Meanwhile, its weapons have been used to disperse protests throughout the world, including in Bolivia, Cameroon, Egypt, Sierra Leone, Tunisia, and the West Bank. At present, no law requires companies such as Combined Systems to be proactive or transparent about monitoring the environmental impact of their products.


While authoritarian leaders won’t soon concern themselves with civil resistance as a matter of sustainability, more responsible governments could at least recognize that some of their response methods might need to change. Legislative guidance could follow. “For instance, if crowd dispersal agents are causing more harm than we first thought, we could explore alternatives licensed under regimes like the Toxic Substances Control Act to allow new agents that aren’t as harmful to the environment, no matter how they are used,” said Victor Flatt, a professor of law and co-director of the Environment, Energy, and Natural Resources Center at the University of Houston.

More humanitarian counterprotest strategies may translate to more sustainable strategies. Abandoning tear gas and water cannons as a deterrent or crowd disperser, incorporating zero-emissions military vehicles into fleets, and watering tire piles as a precautionary measure to prevent prolonged burning are some alternatives that have been broached. These alternatives and their potential humanitarian consequences require further examination as well—by scientists, human rights groups, policymakers, activists, law enforcement officials, and the military. Finally, the burden of sustainability, if any exists, may not rest entirely with the state: Protesters should also minimize, to the extent possible, their harm to the environment.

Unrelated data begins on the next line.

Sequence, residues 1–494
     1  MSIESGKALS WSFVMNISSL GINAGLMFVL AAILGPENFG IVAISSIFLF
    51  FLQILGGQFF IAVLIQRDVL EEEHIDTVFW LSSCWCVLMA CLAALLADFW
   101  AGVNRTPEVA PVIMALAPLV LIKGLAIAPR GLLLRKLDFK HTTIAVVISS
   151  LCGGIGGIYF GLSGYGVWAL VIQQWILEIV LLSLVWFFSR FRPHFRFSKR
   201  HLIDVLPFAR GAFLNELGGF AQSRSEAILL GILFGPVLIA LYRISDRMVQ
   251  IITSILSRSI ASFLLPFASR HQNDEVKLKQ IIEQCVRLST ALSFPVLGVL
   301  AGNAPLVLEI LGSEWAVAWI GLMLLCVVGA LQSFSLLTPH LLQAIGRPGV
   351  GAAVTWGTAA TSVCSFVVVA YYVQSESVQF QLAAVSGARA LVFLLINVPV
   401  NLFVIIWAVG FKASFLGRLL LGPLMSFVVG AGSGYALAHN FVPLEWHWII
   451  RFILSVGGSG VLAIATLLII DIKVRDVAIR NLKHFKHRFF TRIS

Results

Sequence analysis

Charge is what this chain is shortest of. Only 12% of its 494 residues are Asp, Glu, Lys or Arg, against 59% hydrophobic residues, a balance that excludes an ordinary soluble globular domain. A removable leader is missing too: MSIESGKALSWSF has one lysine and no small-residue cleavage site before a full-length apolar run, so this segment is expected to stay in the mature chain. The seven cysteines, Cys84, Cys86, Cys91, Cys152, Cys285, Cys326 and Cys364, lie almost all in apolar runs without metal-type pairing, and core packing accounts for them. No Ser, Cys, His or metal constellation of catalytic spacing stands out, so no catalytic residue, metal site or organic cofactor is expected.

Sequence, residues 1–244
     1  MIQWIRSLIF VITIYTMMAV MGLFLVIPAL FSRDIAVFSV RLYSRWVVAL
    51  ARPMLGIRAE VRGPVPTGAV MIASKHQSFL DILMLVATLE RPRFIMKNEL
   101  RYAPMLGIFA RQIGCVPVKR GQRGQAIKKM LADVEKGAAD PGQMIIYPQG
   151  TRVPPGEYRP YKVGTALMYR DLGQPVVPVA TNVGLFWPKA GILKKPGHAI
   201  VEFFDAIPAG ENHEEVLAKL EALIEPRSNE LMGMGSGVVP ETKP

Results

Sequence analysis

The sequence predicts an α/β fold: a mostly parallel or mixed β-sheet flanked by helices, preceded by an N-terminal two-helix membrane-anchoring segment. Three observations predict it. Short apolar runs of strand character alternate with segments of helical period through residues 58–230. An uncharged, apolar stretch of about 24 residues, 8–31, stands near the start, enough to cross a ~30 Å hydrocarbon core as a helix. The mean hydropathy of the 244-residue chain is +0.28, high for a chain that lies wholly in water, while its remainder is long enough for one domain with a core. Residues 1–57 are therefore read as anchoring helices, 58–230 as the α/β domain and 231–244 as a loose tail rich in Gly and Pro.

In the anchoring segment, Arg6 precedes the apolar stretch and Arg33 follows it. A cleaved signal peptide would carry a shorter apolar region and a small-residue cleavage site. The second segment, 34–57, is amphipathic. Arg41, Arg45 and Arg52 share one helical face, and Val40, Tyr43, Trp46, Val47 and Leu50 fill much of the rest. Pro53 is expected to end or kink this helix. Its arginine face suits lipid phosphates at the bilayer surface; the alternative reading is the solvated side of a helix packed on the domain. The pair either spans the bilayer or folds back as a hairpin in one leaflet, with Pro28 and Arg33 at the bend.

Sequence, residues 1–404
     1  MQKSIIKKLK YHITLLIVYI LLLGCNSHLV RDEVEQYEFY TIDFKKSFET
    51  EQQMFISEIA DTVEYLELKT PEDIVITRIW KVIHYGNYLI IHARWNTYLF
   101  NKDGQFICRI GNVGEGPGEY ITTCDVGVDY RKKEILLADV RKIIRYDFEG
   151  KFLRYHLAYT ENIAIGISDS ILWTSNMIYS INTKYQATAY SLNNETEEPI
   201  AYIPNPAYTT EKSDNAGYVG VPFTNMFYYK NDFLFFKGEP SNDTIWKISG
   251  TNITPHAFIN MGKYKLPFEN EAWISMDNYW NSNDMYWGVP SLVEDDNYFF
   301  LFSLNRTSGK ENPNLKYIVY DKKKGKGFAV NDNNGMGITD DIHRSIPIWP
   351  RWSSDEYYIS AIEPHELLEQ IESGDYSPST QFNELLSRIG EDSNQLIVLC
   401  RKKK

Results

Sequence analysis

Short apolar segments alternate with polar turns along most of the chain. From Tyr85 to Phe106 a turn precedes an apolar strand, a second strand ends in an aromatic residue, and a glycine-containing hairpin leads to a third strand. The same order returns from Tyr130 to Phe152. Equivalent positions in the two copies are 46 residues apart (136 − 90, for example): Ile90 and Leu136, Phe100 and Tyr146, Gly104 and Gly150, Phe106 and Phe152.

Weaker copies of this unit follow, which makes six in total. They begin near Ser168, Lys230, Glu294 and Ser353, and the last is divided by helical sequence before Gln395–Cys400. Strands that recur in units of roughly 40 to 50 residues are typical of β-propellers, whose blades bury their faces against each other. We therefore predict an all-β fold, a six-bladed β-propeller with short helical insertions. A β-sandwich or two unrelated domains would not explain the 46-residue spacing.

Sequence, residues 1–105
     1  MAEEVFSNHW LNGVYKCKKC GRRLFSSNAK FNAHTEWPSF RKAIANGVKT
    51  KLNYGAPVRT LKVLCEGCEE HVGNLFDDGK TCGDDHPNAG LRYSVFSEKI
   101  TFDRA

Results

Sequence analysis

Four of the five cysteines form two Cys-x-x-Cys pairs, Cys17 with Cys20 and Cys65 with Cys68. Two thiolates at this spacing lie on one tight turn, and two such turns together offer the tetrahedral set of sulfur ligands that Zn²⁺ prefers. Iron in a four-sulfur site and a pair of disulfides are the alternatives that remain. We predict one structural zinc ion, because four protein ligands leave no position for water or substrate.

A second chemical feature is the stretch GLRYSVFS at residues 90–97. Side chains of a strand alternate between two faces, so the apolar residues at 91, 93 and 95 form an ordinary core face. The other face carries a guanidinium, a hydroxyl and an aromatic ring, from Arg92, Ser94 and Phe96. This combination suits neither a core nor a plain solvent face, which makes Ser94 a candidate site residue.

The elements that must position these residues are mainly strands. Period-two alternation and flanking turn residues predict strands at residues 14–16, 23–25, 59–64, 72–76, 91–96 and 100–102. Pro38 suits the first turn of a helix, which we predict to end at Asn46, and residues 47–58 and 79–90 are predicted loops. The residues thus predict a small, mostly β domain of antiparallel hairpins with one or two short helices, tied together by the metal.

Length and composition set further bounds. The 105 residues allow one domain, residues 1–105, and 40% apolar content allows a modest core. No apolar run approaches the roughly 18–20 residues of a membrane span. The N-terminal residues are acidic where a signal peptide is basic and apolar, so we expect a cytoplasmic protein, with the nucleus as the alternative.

When excessive force and prohibition on freedom of assembly are chief concerns—as they should be—ecofriendly protest measures are never going to be a priority. Compared with emissions from the airline and automotive industries or coal-fired power plants, for example, protest-related pollution seems minor. And green policing alternatives, while potentially less harmful to the environment, can have unintended, even dangerous, consequences for humans.

China, for example, has developed face-mapping technology to disperse crowds, a sustainable government counter-response with significant implications for privacy, while government officials in Kazakhstan recently shut down the internet in response to protests over rising energy costs there.

Whatever the environmental impact, a citizen’s unassailable right to peaceably demonstrate—enshrined in the Universal Declaration of Human Rights—must also be protected. While the true environmental costs of protests and state crackdowns remain hard to quantify, there are compelling reasons to monitor their impact and explore green alternatives for both sides.

Adrienne Bernhard is a New York City-based freelance writer with an interest in environment, culture, and technology.